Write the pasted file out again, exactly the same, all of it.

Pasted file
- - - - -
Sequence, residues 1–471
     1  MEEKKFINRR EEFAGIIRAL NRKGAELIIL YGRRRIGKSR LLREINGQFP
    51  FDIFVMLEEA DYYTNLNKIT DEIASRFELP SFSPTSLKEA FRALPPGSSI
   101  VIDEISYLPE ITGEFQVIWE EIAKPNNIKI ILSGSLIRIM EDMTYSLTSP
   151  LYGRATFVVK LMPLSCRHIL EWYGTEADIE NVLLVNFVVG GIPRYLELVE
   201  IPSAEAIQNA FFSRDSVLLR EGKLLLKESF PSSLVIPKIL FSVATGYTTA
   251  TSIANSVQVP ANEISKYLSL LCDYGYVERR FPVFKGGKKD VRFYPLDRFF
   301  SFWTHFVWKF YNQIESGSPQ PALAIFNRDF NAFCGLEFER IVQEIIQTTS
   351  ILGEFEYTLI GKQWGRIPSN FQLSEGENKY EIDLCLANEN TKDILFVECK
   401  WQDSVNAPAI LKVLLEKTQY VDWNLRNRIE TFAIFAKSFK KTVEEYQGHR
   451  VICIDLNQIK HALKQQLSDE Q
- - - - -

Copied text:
Sequence, residues 1–471
     1  MEEKKFINRR EEFAGIIRAL NRKGAELIIL YGRRRIGKSR LLREINGQFP
    51  FDIFVMLEEA DYYTNLNKIT DEIASRFELP SFSPTSLKEA FRALPPGSSI
   101  VIDEISYLPE ITGEFQVIWE EIAKPNNIKI ILSGSLIRIM EDMTYSLTSP
   151  LYGRATFVVK LMPLSCRHIL EWYGTEADIE NVLLVNFVVG GIPRYLELVE
   201  IPSAEAIQNA FFSRDSVLLR EGKLLLKESF PSSLVIPKIL FSVATGYTTA
   251  TSIANSVQVP ANEISKYLSL LCDYGYVERR FPVFKGGKKD VRFYPLDRFF
   301  SFWTHFVWKF YNQIESGSPQ PALAIFNRDF NAFCGLEFER IVQEIIQTTS
   351  ILGEFEYTLI GKQWGRIPSN FQLSEGENKY EIDLCLANEN TKDILFVECK
   401  WQDSVNAPAI LKVLLEKTQY VDWNLRNRIE TFAIFAKSFK KTVEEYQGHR
   451  VICIDLNQIK HALKQQLSDE Q